I suspect that almost everyone who is serious about photography has had to decide among the major brands. Whether you ended up with Canon, Nikon, Sony, Pentax, Olympus or another brand (I'm talking DSLRs here) you probably entertained two of them seriously, and then took the plunge based on something. Some because they have friends with the same brand, or know someone that loves it. Others because it felt right in their hands, etc. I really do feel that your ability to actually use the camera you've chosen trumps any advantage one brand might have over another in terms of specs. Image quality may be one person's primary concern, while another must have an articulating screen, superior AF and high frame rates or wears glasses and needs a high eyepoint.
All you guys are now going to groan, but as a woman the weight of the camera and how well it fits into my hand are prime considerations. Some are just too big and bulky but Canon gets it right for me in this respect. Plus, of course, Canon has great accessible features, as you point out, which gives this brand the edge over others. I have tried a few Nikons, but they just didn't feel right....so for the moment I'm pro-Canon.
I can see that it isn't an obvious choice if you aren't exclusive, but I'm very glad I've participated in assignments. My shots are exclusive anyways, and they do much better than my average photo. I made a quick lightbox of my assignment photos, which allows me to see the total revenue. My assignments have brought in almost 10% of my total revenue to date, and represent less than 1% of my portfolio. My most recent entries this month already have a download:
With the new pricing structure, even a subscription download of assignment files nets you 3 sub credits. So I recommend considering submitting for assignments for the extra exposure. The 100 download 'credit' ranks you highly in a search based on downloads, and any credit sales are substantial...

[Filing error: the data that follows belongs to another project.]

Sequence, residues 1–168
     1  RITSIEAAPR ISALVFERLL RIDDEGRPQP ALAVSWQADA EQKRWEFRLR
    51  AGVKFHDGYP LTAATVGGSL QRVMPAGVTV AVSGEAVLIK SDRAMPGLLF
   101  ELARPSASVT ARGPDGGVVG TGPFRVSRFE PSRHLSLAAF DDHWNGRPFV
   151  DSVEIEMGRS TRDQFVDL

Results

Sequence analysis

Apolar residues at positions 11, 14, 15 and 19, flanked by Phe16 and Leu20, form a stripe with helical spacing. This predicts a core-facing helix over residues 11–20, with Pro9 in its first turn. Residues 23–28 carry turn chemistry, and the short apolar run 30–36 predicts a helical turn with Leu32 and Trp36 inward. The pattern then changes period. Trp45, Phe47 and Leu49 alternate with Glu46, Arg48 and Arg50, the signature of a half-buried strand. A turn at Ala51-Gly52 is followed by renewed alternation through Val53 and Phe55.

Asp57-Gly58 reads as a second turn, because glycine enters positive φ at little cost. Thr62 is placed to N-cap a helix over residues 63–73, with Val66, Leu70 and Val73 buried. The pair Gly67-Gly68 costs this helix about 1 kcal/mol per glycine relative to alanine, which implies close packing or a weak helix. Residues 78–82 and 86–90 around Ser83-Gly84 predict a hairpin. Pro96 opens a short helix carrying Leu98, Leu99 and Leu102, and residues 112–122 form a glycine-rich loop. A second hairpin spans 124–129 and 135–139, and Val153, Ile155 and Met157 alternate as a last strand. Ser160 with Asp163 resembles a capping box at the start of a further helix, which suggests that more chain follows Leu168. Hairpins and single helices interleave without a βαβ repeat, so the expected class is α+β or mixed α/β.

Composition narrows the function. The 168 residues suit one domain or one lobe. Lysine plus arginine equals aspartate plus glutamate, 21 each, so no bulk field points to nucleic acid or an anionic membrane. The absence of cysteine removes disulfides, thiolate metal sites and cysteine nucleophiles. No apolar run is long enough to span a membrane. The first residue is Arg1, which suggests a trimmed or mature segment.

I've got two accepted and one has had a download. This is my second assignment (I tried the summer one, but didn't have any really summery shots and my made up one didn't make it). So I'm just waiting to see how things pan out.
Brad, as always your photos are great -- I noted a marked increase in sales after my first participation in an assignment, and to date my most profitable images are assignment photos. As for the current assignment, I was unsure if people wanted to see a senior woman surfing, (remember I’m from California where “natural” beauty is uncommon and often unaccepted) but the image got a sale within a few days of being posted! I attribute the quick sale to participation in the assignment. Thanks for your helpful reminders and good luck to you in this assignment! Cheers Marilyn
I've posted a blog on making the best use of the sensor when taking closeups for isolation. Let me know what you think - I think I get visibly more detail when using this method. It only works for long skinny objects, though!
I appreciate the comments Jordan. I should note out that I'm interested in these points, as this is something I haven't used yet for submitting, just experimenting with. In the shot above, for example, it was shot on an angle. I think with a high quality macro lens there isn't much difference between the edge and corner, stopped down. Certainly with 'most' lenses it would be a concern...
I'm interested in the rotation affecting quality - in my example you can't tell on the web, but close inspection showed more detail on the rotated example. I'm curious in general on this topic, as many software and RAW converters offer rotation, horizon levelling, distortion correction, vignetting correction, etc. which clearly affects pixels. Does it make the image worse, or better?
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